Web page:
Exhaust system service (or every month, whichever

occurs first). (3)(4)(17)

Air brake service (or every 6 months, whichever

occurs first). (39)

Check curb idle speed (or every 12 months,

whichever occurs first). (29)

Injector service (or every 12 months, whichever

occurs first). (25)

Inspect fuel injection fuel lines (or every 12 months,

whichever occurs first). (26)

Wheel bearing service (or every 24 months,

whichever occurs first, and whenever hubs are

removed). (23)

Wheels and tires service. (15)

Hydraulic brake service (or every 6 months,

whichever occurs first). (7)

Hydraulic parking brake service (or every 6 months,

whichever occurs first). (8)

Engine drive belts service (or every 6 months,

whichever occurs first). (18)

Clutch pedal free travel service. (10)

Lubricate clutch shift block (or every month,

whichever occurs first).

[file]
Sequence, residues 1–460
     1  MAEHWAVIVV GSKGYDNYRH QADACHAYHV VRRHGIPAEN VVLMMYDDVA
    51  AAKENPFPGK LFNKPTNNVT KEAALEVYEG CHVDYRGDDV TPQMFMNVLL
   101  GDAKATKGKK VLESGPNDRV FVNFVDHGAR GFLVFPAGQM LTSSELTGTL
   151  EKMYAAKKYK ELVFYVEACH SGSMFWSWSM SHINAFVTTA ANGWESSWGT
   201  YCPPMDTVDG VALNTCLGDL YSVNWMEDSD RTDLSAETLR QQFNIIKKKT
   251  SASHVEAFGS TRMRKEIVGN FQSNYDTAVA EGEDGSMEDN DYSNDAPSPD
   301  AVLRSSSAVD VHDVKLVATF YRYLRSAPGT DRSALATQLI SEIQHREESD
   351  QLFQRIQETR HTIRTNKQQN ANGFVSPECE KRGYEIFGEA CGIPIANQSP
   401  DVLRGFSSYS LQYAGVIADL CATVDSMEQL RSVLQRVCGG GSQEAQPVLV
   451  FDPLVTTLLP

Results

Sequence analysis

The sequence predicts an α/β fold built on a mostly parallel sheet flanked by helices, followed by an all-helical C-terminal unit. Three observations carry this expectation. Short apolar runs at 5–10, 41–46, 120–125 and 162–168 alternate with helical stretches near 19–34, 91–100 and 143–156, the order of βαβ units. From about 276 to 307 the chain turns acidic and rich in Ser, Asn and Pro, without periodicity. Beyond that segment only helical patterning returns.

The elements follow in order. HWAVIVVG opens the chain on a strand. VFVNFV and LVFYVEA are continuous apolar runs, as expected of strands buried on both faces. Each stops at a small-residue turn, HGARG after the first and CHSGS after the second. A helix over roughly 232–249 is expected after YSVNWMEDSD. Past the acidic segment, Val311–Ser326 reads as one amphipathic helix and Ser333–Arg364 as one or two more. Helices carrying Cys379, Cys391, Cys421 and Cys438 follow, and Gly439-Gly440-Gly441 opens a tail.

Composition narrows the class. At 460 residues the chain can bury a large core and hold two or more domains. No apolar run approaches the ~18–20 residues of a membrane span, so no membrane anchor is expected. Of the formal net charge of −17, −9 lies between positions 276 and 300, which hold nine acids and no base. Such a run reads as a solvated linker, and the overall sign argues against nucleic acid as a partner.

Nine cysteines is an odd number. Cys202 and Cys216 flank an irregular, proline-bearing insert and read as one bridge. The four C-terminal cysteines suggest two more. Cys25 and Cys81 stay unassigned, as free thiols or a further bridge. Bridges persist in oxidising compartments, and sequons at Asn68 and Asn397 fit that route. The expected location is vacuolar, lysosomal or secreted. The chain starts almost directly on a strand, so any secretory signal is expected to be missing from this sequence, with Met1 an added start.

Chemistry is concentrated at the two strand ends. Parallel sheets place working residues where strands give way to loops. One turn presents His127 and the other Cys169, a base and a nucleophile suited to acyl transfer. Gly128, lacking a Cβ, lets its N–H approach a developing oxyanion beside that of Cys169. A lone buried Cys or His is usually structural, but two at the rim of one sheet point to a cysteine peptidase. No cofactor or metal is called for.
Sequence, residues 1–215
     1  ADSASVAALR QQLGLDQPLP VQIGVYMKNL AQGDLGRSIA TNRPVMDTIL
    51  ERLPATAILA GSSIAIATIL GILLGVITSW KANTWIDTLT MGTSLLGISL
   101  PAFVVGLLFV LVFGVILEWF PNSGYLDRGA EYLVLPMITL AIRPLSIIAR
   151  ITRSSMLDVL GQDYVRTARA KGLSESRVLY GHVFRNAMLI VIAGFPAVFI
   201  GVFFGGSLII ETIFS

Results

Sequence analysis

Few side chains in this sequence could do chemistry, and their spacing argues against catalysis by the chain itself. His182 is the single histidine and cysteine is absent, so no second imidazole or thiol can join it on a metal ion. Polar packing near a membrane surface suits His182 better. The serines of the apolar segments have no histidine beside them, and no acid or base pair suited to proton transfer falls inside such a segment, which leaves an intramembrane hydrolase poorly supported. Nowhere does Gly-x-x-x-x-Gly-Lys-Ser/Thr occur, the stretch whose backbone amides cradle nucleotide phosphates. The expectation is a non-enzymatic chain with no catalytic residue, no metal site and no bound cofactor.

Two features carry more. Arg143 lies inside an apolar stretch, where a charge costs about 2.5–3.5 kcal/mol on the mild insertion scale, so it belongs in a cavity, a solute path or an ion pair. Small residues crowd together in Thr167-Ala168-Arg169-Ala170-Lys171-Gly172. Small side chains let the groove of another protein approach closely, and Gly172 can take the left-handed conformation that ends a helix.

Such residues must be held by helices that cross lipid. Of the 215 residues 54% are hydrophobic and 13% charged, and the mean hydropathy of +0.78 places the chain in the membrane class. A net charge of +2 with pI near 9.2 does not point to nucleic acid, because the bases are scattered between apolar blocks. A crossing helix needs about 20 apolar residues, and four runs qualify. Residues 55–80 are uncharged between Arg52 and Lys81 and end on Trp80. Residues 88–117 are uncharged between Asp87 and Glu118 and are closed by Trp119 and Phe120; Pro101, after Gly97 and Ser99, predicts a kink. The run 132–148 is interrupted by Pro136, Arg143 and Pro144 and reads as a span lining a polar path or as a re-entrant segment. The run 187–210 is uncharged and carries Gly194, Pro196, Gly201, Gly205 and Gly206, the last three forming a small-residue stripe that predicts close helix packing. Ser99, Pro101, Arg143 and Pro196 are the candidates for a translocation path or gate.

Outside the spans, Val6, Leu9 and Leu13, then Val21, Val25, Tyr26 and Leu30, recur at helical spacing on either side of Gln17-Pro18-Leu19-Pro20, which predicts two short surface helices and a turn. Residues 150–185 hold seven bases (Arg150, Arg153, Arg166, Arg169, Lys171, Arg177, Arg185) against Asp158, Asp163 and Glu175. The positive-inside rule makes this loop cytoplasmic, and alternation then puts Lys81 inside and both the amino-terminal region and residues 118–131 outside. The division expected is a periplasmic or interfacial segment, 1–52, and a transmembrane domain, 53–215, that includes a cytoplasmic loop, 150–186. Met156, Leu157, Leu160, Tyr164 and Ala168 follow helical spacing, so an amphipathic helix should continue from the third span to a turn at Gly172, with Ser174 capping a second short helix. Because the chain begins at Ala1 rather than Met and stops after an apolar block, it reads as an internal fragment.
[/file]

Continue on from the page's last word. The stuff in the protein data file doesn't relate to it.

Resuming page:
Throttle linkage service. (19)

Thermostatically controlled engine cooling fan

service. (4)(20)

Shields and undercab insulation service (or every

month, whichever occurs first). (4)(5)(21)

Air intake system service (or every 24 months,

whichever occurs first). (4)(5)(24)

(Continued)

7-13


52,000 Miles (83 200 km) (Continued)

Replace fuel filter (or every 6 months, whichever

occurs first). (3)

Air cleaner filter replacement service (or every

24 months, whichever occurs first). (3)(4)(27)

Adjust valve lash (or every 12 months, whichever

occurs first). (28)

Retighten manifold mounting and injector bracket

bolts to specifications (or every 6 months, whichever

occurs first).

Rear axle air shift motor service. (11)

Check air brake relay valve operation and check for

leaks (or every month, or every 300 hours,

whichever occurs first).